Where the Dead Live
The evening sun sews its yellow strands
in a maple tree’s red quilt, each leaf
a windy star on each limb,
as though stitched down—
a constellation of foliage running its
many-fingered hands through the clouds.
Reclined under the tree like a mossy log,
I close my eyes, breathe in the quiet breath
of alfalfa, my nose tasting every ticklish kiss of pollen,
which makes me cry.
Which makes me imagine taking in the tree
like a baby clutching a quilt in a cold crib.
Which makes me wonder about the dead,
where they go when I’m thinking
about life: about snails skiing down my legs, perhaps,
about snakes coiling upwards on my head like
which my great-cousins wore when they were still
alive, as shown in their photographs,
which I keep under my bed.
Do the dead rest in photographs
whenever we don’t think about them?
Do the dead wait for us to find them smiling, weeping,
in their dusty frames, in their finger-smudged negatives
in the dark attics of childhood,
in the cluttered sheds of adulthood,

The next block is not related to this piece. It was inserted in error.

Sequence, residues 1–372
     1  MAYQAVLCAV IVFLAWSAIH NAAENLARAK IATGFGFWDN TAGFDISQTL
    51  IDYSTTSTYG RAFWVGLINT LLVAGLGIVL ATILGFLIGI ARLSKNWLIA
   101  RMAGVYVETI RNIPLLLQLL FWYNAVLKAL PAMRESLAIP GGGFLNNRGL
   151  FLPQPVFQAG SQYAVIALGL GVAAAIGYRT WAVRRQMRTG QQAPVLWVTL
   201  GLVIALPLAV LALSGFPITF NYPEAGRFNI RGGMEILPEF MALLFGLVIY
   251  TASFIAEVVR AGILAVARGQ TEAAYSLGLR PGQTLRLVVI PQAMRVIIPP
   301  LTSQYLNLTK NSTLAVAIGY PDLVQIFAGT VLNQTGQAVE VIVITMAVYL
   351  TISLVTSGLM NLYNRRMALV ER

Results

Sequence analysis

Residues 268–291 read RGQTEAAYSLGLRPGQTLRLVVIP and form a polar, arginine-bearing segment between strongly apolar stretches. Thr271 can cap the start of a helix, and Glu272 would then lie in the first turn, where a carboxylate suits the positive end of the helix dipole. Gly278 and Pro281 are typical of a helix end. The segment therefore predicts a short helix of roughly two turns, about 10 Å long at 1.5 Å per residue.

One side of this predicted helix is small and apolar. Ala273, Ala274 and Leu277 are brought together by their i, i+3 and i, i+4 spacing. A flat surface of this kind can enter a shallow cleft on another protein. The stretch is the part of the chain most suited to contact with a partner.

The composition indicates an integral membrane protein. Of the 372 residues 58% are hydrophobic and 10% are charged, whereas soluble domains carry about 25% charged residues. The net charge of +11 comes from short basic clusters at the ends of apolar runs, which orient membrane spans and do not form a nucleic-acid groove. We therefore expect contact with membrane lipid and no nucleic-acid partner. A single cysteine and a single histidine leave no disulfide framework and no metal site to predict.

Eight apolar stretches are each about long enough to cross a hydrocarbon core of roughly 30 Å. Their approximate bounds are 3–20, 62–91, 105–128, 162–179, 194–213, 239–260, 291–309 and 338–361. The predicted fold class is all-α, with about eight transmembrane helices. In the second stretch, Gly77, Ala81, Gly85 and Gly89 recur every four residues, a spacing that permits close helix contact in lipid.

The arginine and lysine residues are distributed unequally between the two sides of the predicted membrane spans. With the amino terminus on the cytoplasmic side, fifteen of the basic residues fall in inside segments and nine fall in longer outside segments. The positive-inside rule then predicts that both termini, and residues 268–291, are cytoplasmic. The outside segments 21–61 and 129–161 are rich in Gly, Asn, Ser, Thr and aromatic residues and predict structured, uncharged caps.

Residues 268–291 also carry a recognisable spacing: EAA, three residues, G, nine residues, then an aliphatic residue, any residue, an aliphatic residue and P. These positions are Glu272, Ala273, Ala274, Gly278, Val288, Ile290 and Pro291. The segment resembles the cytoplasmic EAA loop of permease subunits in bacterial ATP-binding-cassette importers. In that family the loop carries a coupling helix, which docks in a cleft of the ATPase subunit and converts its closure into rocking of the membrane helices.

under the floorboards where we dare not look
lest we find the eyes of death itself?
Does death live in the blue shoes
of my deceased grandmother? In the green tie
of my deceased grandfather? In the pink sunglasses
of my deceased aunt? In the silver medallion
of my deceased uncle? Maybe even in a ball
of yarn. In a sewing needle. In a half-finished
handkerchief stitched with the initials
of a long-lost mother,
of a forgotten father,
of a distant cousin who died too soon,
lived too late.
Why is it so easy to overlook them?
Why is it so easy to force nails into their already
I open my eyes. Twilight glimpses
through the maple tree: raindrops of sunlight
like starlight, like thimbles winking
ghostlike to the moon, whose wide eyes peer
at me through the darkening boughs.
I rise from the ground, listen
to the warbling lamentations,
to the joyous whistles
of obscured birds.
I wonder whether death lives
in the language of birds.
I wonder whether the language of birds lives
in the dead,
like chirping sobs in my late-great-aunt’s shawl
whenever I pluck its loose strings,
like twittering sighs in my late-grandmother’s apron
whenever I wear the warm waters of its fabric.
Jacob Butlett (he/his) is an award-winning gay storyteller with an A.A. in General Studies and a B.A. in Creative Writing. In 2017 he won the Bauerly-Roseliep Scholarship for literary excellence, and in 2018 he received a Pushcart Prize nomination for poetry. Some of his work has been published in The MacGuffin, Panoply, Rat's Ass Review, Cacti Fur, Gone Lawn, Rabid Oak, Ghost City Review, Lunch Ticket, Fterota Logia, Into the Void, and plain china. He was selected as a finalist in the Scholastic Art & Writing Awards residency competition of 2019. Learn more about Jacob here.